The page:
After the death of Sir David Amess MP, Sky's Sally Lockwood explains how politicians across the Atlantic are having to spend ever larger amounts of money on protecting themselves amid an atmosphere that sparked the deadly 6 January attack on the US Capitol.
Image: Razor wire outside Capitol Hill in Washington following the 6 January attack on the heart of the US legislature. Pic: AP
The divisive nature of American politics has seen threats against politicians rise four-fold in the last year, according to a security review following the attack on Capitol Hill.
The invasion of Congress on 6 January revealed the physical risk now posed to politicians in a polarised and acrimonious political climate – an angry mob attacking one of the most protected buildings in the world amid false claims of a stolen election.
Capitol Hill has its own police force but they were overwhelmed.
Five people died that day and elected officials were forced to flee or hide – fearing for their lives.
In the weeks that followed, a huge military and security presence surrounded the Capitol building.
Many politicians stepped up their own personal security measures – some even bought body armour or carried a firearm.
Retired Major General Linda Singh was one of those tasked with reviewing their security.
How the US Capitol was stormed
She says: “The key thing is, how can we ensure their safety but yet allow them to do what they’re hired to do? I mean, they’re elected to be out in the public and so how do we get that fine balance?”
Major General Singh explains striking that balance isn’t easy.
“I think it’s challenging because every member as you can imagine has their own view of their security,” she adds.
“So one of the things that you really have to do is to get personal with that individual to say how are we going to work this? What works for you may not work for the next person.”
Image: Leadership and security specialist Linda Singh says she has to work with each politician individually to find out what they need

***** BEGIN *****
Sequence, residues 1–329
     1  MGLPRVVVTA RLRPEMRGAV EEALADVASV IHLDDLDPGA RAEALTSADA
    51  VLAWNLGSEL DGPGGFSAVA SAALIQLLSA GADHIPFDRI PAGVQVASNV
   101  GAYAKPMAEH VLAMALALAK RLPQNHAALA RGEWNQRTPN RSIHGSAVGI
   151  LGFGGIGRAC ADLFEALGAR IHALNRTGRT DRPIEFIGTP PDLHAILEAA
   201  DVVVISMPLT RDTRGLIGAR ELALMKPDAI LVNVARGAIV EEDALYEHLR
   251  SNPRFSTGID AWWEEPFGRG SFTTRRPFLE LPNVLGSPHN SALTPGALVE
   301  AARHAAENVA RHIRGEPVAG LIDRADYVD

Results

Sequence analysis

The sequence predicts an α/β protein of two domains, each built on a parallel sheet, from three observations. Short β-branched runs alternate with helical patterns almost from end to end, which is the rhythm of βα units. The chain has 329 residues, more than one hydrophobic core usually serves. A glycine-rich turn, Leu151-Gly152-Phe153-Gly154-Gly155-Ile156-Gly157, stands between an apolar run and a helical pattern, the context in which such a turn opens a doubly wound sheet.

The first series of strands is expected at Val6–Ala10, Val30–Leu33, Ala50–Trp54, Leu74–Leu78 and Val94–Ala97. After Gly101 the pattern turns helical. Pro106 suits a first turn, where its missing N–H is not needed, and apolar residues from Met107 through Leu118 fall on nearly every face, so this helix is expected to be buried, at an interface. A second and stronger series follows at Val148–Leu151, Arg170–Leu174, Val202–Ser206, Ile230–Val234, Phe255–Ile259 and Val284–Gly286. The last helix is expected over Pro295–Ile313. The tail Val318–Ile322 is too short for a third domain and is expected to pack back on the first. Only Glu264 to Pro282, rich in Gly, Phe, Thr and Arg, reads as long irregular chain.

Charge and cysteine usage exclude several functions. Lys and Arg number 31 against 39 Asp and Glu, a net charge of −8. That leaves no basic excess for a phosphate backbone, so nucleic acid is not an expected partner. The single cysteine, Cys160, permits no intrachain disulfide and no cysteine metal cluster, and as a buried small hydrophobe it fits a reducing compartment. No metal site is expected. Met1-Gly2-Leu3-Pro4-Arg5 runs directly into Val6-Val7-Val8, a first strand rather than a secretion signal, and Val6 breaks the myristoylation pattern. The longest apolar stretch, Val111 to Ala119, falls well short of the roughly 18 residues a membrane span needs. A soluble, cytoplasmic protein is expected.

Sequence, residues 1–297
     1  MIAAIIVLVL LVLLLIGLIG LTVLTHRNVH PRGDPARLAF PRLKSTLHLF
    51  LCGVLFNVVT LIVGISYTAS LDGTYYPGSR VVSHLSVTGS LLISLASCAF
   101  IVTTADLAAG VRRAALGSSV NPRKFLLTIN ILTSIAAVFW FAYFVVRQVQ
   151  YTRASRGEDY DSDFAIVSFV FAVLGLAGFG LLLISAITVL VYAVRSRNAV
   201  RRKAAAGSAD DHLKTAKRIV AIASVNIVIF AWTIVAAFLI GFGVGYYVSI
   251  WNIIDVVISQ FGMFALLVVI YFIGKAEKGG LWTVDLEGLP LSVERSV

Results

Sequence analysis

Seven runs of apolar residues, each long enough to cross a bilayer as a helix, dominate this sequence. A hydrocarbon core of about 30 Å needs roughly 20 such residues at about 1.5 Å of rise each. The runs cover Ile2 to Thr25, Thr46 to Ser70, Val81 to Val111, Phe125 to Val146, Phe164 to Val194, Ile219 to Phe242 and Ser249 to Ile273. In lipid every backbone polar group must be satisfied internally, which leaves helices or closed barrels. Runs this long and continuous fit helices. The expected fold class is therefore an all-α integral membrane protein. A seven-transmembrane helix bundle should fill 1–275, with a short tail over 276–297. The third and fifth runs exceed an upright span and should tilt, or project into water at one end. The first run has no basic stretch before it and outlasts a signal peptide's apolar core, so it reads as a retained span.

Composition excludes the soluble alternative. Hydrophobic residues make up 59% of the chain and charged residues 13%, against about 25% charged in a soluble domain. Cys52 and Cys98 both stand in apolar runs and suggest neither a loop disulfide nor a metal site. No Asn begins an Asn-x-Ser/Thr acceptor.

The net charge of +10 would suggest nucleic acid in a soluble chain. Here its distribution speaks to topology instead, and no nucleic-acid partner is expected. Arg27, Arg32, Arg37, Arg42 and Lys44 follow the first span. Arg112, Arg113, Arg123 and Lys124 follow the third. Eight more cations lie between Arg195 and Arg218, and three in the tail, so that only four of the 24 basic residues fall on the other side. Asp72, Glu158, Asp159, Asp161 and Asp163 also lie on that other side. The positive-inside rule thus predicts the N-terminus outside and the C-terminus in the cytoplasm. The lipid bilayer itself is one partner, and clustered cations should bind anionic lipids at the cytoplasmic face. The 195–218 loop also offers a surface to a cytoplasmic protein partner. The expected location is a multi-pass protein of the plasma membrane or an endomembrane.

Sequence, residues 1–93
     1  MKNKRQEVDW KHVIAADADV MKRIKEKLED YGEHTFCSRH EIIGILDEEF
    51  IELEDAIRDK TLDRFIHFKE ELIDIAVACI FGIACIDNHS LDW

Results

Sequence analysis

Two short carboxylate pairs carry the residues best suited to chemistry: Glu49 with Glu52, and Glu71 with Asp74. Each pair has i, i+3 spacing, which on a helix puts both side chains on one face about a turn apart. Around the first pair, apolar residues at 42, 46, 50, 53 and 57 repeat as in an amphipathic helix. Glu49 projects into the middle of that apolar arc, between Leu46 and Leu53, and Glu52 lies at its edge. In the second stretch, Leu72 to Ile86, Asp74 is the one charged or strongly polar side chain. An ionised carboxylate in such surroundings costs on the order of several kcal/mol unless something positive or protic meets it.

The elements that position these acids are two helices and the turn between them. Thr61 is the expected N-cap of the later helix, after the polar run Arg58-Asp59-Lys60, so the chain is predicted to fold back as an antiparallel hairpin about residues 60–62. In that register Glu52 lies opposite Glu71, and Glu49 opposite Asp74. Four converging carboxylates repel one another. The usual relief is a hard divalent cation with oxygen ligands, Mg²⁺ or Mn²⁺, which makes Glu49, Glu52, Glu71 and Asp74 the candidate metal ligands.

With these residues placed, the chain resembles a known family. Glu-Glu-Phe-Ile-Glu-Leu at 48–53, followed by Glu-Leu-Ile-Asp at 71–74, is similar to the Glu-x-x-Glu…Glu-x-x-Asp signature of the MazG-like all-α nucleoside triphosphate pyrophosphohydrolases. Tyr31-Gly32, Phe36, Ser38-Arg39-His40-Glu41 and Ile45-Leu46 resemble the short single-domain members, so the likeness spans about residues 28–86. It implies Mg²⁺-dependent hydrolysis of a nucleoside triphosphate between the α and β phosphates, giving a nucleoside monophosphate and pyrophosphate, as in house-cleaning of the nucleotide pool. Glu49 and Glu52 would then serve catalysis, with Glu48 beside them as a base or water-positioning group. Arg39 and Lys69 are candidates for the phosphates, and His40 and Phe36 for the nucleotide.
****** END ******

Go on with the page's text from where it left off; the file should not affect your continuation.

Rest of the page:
Congressional spending on private security has surged among members of both parties since the 6 January attack on Capitol Hill – Republican Liz Cheney spent $58,000 on protective measures in the first three months of this year after publicly denouncing Donald Trump for inciting the violence.
Fellow Republican senator Mitt Romney spent more than $43,000 on security after voting to impeach the former president.
US politicians don’t usually meet with members of the public without an appointment.
When they hold town halls, which is about as close as you get to a constituency surgery in America, they are allowed to expense security detail and body armour.
Image: Liz Cheney spent $58,000 on protection in the first three months of 2021 after denouncing Donald Trump. Pic: AP
But if they want protection for their homes or bodyguards when they’re out and about they have to pay for it themselves.
The most recent targeted attacks on individual members of Congress includes that on Democrat Gabrielle Giffords, who was shot at point blank range during a constituents’ meeting outside a supermarket in Arizona 10 years ago – she survived.
In 2015, Senator Clementa Pinckney, a Democratic member of the South Carolina Senate, was killed in a mass shooting at a historic black church in the state in what was thought to be a hate crime.
Two years later, a gunman opened fire on politicians during a congressional baseball match – senior republican Steve Scalise, the representative for Louisiana’s 1st congressional district and a minority whip, was the most injured.
Political spending on security in America is now roughly three times what it was two years ago, according to analysis by US investigative media.
Members of Congress regularly face threats and harassment simply trying to do their job.Internet Explorer Channel Network